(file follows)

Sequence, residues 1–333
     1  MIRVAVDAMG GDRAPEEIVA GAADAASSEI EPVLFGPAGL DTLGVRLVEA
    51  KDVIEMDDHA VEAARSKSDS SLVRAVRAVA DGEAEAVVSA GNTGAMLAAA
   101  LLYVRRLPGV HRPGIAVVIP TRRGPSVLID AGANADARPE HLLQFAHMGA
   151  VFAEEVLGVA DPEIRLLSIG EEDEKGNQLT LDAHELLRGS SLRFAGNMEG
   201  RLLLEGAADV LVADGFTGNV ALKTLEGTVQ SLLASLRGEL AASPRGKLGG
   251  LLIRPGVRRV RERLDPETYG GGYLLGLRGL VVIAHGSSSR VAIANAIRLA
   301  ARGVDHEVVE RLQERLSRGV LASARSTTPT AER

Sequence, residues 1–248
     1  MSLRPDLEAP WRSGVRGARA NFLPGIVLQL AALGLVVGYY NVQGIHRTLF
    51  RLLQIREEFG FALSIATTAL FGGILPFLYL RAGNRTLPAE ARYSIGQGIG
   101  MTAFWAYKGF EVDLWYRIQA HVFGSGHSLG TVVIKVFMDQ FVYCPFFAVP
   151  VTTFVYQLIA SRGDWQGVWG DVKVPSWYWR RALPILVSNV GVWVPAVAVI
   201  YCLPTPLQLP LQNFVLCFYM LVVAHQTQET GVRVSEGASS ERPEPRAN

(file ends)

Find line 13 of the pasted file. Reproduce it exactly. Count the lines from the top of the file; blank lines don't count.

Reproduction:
   151  VTTFVYQLIA SRGDWQGVWG DVKVPSWYWR RALPILVSNV GVWVPAVAVI